Cathy Kruse and friends from Harvestfield Church played teacher Thursday morning at Hokes Bluff Middle School, instructing some eager students to take something that typically ends up in the trash and make a sorely needed item for Gadsden’s homeless population.
For years now, Kruse, Paula Wood, Jan Bonka and others have met almost every Wednesday to create plastic mats that they give to homeless people. The mats are made from plastic shopping bags — the kind of thing many people throw away (or store inside another plastic bag somewhere in their home).
It’s a laborious process, but the women take the bags, cut them into strips that are tied together to make “plarn,” then crocheted into the mats.
For people without shelter, the mats can at least put something between them and the ground, or a hard surface.
They took time this week to instruct some of the students from HBMS’s Eagle Interest classes in how to perform the needed prep work for making mats, and how to crochet the plarn into a place of rest for someone in need.
Teachers Nicki Busch and Melissa Marsh were excited about sharing this activity with their students.
Busch said they’d been collecting bags for some time to get ready, pointing out bags of bags scattered around her classroom.
There couldn’t be a more timely time to talk about the needs of homeless people in the Gadsden area.
Temperatures were predicted to drop Friday, and by Monday the nighttime low is forecast at 32 degrees. The forecast low for Tuesday is 19 degrees, and while it the lows won’t dip that far for the rest of the week, the numbers could drop below or around the freezing mark through Friday.
The Gadsden/Etowah County Emergency Management Agency is monitoring the forecast to determine whether or when warming stations might be needed to provide help for those who need a warm place to go.
And that’s more people than you’d think, according City of Gadsden Community Development Planner Renee Baker.
The city will participate in a homeless count in January, she said, for a four-county area: Etowah, DeKalb, Cherokee and Calhoun counties. Last year, the count was 267 homeless people, with about half from Etowah and half from Calhoun County.
“We know that’s not a true number,” Baker said. “We know the true numbers are about three times that many.”
She said there was a large influx of homeless people in the Gadsden area last summer. The Salvation Army location in Calhoun County closed, and there are no shelters operating now in DeKalb and Cherokee.
Homeless people make their way to Gadsden, where there is a Salvation Army shelter and some other shelters, and more resources to help.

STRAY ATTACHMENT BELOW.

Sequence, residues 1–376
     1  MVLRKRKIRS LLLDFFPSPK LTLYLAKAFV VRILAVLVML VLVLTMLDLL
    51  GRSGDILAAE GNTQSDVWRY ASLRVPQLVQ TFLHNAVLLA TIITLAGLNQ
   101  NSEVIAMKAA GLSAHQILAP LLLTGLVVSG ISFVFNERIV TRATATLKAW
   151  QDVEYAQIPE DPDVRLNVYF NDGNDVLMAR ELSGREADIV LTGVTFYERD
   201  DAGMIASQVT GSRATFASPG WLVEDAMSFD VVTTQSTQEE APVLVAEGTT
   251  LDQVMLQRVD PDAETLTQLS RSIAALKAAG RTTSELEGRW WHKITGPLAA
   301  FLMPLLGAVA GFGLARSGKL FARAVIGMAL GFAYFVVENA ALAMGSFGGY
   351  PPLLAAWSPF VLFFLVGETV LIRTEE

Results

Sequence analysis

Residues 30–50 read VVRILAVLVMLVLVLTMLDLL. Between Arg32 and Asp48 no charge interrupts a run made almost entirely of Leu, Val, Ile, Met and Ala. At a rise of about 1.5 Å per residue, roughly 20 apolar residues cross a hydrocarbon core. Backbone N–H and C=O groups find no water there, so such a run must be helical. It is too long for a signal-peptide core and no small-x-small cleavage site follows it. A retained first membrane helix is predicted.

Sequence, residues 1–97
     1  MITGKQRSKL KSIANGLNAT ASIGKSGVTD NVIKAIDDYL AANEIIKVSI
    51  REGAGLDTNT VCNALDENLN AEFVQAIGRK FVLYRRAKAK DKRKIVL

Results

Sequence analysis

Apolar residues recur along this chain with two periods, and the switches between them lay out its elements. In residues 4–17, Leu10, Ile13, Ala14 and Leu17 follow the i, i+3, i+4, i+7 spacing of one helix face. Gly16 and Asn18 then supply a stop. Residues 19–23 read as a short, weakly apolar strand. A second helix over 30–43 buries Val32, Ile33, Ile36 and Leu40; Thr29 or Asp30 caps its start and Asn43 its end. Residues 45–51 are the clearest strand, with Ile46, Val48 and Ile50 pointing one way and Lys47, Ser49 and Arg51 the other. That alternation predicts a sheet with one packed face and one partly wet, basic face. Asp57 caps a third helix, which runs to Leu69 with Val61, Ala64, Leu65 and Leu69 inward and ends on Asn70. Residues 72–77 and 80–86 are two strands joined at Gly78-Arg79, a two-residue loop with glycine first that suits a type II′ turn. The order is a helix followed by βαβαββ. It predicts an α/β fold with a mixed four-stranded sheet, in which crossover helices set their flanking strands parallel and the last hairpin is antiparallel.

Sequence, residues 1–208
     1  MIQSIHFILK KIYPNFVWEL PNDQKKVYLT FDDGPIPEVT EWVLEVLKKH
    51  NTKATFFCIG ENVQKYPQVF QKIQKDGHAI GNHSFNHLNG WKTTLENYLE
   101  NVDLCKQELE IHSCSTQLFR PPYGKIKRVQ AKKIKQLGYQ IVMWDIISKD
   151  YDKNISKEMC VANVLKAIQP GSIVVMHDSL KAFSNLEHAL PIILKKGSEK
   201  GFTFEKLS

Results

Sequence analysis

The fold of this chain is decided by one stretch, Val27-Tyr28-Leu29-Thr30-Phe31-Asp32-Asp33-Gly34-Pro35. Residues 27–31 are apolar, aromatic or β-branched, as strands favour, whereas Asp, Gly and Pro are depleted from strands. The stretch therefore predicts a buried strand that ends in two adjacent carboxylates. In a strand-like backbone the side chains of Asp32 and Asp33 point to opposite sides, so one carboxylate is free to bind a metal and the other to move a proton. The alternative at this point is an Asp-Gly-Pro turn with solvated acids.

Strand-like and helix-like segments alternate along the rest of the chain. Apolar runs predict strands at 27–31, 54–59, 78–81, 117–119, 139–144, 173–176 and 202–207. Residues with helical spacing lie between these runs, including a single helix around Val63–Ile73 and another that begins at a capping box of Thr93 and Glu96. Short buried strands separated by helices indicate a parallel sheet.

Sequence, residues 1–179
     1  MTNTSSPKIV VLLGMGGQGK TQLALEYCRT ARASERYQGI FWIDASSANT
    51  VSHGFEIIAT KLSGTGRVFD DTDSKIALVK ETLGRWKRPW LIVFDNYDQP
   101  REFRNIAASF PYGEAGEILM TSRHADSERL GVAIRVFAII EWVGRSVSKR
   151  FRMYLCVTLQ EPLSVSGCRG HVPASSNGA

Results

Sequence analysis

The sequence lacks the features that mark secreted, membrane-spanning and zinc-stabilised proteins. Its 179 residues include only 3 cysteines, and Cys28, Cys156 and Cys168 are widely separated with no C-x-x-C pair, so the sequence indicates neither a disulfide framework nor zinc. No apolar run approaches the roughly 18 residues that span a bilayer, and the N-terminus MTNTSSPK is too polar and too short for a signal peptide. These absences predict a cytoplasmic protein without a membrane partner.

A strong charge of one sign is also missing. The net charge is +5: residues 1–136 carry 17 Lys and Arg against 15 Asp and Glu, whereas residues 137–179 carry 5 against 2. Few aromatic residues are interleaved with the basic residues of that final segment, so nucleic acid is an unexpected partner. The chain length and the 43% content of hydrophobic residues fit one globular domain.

There are people who can’t stay in shelters, however. Baker said the Salvation Army requires a state-issued ID, and some people don’t have one. Sometimes there are other issues that keep people out of existing shelters.
When the city opens warming centers, Elliott Community Center usually is the first. Baker said some homeless people spend time there anyway, and the Gadsden Public Library graciously allows people to come inside the library for shelter during the day.
There are great agencies to help, Baker said, and a number of churches and groups that help the homeless.
Harvestfield Church is one of those. In addition to the mats, Kruse and young volunteers from the church put scarves, gloves and other cold-weather gear around town in locations where people who need them are likely to find them, with tags explaining “I’m not lost,” so people will know they are welcome to take them.
Busch said she learned of Kruse’s crochet group from a friend, Andy Minton, who does homeless ministry. She wanted to bring those good lessons about touching the lives of others to her students.
“We need to teach our children to give back to the community,” she said.
While they might not all be able to master crocheting the mats, she said, “We can cut up bags.”
Marsh said the students from her class were excited about learning to make mats.
“And they are workers,” she said. “Everybody likes to have an opportunity to help.”
“Ms. Marsh, I love this,” eighth-grader Peyton Ward said.
“After you get the hang of it, it’s so much fun,” seventh-grader Anna Lee said.
Marsh said she was telling her mom what the class was doing, and she expressed interest in learning, too. She said perhaps Kruse’s group could instruct her mom’s group at church, and increase this particular ministry.
Busch said two people — two people she didn’t know, who are not even from the Hokes Bluff area — donated large crochet hooks for the students to use.
“I put something about it on Facebook,” Busch said, and the donors ordered the crochet hooks from Amazon and had then sent to the class.
“It was amazing,” she said. “You put it out there and God takes care of the rest.”